While both processes are systematic, critical thinking follows the evidence to uncover truth or faults wherever they lead, while problem solving requires more linear strategies that target resolution within certain limitations.

Critical thinking navigates concepts; problem solving maps to procedures.

4. Mindset

Critical thinking demands absolute impartiality regardless of personal feelings or individual perspectives. Problem solving requires combining analytics with intuition and insight to imagine innovative solutions.

Critical thinking avoids biases; problem solving blends logic and creativity.

In summary, critical thinking is about understanding in an open-ended way while problem solving drives action within constraints. Both require careful, skillful analysis but differ in their ultimate aims.

Critical ThinkingProblem Solving
GoalForm credible judgments about information/beliefsIdentify practical solutions to specific challenges
ScopeOpen-ended; can critique any topic or issueDefined constraints tied to domain expertise
ApproachFollow evidence wherever it leadsMore linear strategies targeting resolution
MindsetImpartial perspective, avoid biasesBlend analytics with intuition and insight
OutcomesIncreased understanding and discernmentAction plans and next steps
ToolsReasoning, questioning assumptions, identifying flawsAnalyzing data, evaluating alternatives, selecting optimal choice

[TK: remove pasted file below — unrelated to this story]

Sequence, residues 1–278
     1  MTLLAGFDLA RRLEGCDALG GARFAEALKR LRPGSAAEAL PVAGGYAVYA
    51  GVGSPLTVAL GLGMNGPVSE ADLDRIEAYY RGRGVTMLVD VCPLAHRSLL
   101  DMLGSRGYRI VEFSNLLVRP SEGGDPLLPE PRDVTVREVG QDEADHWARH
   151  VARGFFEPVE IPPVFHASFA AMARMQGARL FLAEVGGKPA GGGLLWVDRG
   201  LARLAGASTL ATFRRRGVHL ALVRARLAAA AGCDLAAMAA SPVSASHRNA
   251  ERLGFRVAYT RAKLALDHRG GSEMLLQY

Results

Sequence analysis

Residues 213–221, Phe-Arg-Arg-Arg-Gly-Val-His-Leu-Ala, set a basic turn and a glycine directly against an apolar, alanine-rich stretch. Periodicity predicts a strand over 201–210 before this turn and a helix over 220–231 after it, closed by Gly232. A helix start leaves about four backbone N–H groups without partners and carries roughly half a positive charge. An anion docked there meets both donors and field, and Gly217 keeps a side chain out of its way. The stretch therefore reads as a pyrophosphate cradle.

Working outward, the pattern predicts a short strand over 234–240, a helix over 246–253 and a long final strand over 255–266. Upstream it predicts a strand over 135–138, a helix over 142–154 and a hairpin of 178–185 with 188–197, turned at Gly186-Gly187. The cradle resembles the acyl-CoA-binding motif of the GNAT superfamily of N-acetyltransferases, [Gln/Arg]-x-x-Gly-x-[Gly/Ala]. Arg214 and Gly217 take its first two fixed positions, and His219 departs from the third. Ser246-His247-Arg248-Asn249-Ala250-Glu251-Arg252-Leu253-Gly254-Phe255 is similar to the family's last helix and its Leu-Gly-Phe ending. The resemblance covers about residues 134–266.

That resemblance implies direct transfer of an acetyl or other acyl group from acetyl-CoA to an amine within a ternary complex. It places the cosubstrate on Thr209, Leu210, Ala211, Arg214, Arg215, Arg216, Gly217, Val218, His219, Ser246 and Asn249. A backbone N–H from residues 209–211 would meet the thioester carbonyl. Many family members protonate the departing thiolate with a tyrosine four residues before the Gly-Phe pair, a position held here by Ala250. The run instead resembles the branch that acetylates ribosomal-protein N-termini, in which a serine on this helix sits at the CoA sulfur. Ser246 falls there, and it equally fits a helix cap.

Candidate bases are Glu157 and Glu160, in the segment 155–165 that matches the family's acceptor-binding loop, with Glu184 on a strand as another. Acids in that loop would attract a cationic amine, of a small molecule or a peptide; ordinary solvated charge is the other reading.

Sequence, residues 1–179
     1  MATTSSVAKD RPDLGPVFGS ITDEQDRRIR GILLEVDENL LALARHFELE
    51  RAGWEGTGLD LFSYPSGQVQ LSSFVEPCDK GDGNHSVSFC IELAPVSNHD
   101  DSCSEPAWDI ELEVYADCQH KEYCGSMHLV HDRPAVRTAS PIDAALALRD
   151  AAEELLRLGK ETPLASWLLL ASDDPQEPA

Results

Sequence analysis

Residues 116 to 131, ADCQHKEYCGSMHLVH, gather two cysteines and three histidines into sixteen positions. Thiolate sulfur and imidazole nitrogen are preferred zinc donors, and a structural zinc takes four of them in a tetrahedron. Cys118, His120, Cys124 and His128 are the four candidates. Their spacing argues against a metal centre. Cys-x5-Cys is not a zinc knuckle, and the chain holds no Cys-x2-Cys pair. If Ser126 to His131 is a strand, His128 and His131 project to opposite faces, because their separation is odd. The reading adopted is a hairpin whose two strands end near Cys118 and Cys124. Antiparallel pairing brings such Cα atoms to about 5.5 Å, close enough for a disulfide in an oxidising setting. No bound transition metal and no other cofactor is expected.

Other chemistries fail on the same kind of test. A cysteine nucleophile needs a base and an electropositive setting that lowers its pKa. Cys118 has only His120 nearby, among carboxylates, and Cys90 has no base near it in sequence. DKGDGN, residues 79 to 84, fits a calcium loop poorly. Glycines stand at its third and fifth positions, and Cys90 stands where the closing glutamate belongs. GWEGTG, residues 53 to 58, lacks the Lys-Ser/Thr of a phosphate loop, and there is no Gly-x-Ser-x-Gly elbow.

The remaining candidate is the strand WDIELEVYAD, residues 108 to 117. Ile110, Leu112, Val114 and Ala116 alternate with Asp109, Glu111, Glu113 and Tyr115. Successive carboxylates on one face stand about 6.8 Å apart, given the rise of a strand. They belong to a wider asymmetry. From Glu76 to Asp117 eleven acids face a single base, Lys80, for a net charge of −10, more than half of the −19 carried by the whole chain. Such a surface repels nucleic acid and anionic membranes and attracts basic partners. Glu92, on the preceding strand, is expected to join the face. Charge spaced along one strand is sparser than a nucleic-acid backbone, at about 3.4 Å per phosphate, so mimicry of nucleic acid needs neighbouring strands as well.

ApplicationsAssessing arguments, challenging assumptionsImproving processes, overcoming obstacles
Critical thinking vs problem solving

Developing Strong Critical Thinking and Problem Solving Abilities

Sharpening one’s critical thinking and problem solving capabilities requires effort but allows tackling all kinds of intellectual and practical challenges much more effectively.

Some improvement tips include:

For critical thinking:

  • Read extensively to gather more evidence and perspectives
  • Question interpretations, conclusions, and beliefs rather than accepting them at face value
  • Analyze arguments carefully to identify flawed reasoning as well as strengths
  • Debate issues without ego interfering, being willing to change positions based on facts
  • Break down complex topics to focus deep examination on each facet

For problem solving:

  • Methodically move through defining, researching, ideating, and selecting solution elements
  • Learn processes or analytical approaches common to the domain of the problem
  • Unpack where intuition complements analytics rather than contradicts when evaluating options
  • Consider constraints realistically throughout but avoid limiting ideation prematurely
  • Outline clear action plans once a solution is selected

Building skills in both areas takes patience but enables tackling all kinds of intellectual and practical challenges with greater confidence and competence.